Franz Kafka

Franz Kafka[a] (3 July 1883 3 June 1924) was a German-speaking Bohemian Jewish novelist and short story writer, widely regarded as one of the major figures of 20th-century literature. His work, which fuses elements of realism and the fantastic, typically features isolated protagonists faced by bizarre or surrealistic predicaments and incomprehensible social-bureaucratic powers, and has been interpreted as exploring themes of alienation, existential anxiety, guilt, and absurdity. His best known works include "Die Verwandlung" ("The Metamorphosis"), Der Process (The Trial), and Das Schloss (The Castle). The term Kafkaesque has entered the English language to describe situations like those in his writing.
Few of Kafka's works were published during his lifetime: the story collections Betrachtung (Contemplation) and Ein Landarzt (A Country Doctor), and individual stories (such as "Die Verwandlung") were published in literary magazines but received little public attention. Kafka's unfinished works, including his novels Der Process, Das Schloss and Der Verschollene (translated as both Amerika and The Man Who Disappeared), were ordered by Kafka to be destroyed by his friend Max Brod, who nonetheless ignored his friend's direction and published them after Kafka's death. His work went on to influence a vast range of writers, critics, artists, and philosophers during the 20th century.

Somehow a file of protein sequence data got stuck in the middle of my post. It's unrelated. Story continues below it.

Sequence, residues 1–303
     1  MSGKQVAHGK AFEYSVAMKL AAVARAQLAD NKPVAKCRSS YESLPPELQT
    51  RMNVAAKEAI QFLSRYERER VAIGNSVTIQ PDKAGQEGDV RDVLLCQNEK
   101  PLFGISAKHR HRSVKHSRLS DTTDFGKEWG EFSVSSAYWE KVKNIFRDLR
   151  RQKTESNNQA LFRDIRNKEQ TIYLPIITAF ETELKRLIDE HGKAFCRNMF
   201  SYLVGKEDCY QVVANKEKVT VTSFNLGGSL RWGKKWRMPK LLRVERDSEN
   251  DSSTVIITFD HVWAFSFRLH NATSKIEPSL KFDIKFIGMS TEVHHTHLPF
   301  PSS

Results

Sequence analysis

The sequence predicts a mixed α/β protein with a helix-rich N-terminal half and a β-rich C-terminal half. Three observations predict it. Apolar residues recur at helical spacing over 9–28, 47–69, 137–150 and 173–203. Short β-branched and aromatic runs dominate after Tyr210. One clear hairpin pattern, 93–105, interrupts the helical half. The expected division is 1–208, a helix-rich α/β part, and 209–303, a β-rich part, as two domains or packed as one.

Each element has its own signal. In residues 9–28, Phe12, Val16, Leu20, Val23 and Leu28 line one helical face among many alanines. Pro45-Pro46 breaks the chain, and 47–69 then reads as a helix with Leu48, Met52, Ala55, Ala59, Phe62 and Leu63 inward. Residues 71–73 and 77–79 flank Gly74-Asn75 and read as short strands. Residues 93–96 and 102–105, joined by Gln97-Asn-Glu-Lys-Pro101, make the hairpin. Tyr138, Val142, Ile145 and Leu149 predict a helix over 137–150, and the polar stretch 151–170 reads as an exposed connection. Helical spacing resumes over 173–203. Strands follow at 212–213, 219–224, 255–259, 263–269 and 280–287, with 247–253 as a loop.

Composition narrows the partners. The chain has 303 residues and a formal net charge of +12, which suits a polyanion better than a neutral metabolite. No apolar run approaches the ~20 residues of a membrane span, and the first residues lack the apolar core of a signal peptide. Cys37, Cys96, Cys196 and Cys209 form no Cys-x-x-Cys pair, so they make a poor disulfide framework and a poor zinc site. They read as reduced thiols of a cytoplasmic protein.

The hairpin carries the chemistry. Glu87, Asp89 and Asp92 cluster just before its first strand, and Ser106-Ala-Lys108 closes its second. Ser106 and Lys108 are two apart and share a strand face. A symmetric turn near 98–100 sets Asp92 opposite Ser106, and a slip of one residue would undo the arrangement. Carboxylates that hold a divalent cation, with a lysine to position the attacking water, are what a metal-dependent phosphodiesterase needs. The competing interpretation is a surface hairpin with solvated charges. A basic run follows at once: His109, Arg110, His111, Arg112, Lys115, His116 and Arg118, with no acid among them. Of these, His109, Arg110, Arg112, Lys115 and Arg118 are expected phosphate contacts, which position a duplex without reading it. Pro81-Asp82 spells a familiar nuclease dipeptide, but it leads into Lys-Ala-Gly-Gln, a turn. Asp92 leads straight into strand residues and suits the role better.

Kafka feared that people would find him mentally and physically repulsive. However, those who met him found him to possess a quiet and cool demeanor, obvious intelligence, and a dry sense of humour; they also found him boyishly handsome, although of austere appearance. Brod compared Kafka to Heinrich von Kleist, noting that both writers had the ability to describe a situation realistically with precise details. Brod thought Kafka was one of the most entertaining people he had met; Kafka enjoyed sharing humour with his friends, but also helped them in difficult situations with good advice. According to Brod, he was a passionate reciter, who was able to phrase his speaking as if it were music. Brod felt that two of Kafka's most distinguishing traits were "absolute truthfulness" (absolute Wahrhaftigkeit) and "precise conscientiousness" (przise Gewissenhaftigkeit). He explored details, the inconspicuous, in depth and with such love and precision that things surfaced that were unforeseen, seemingly strange, but absolutely true (nichts als wahr).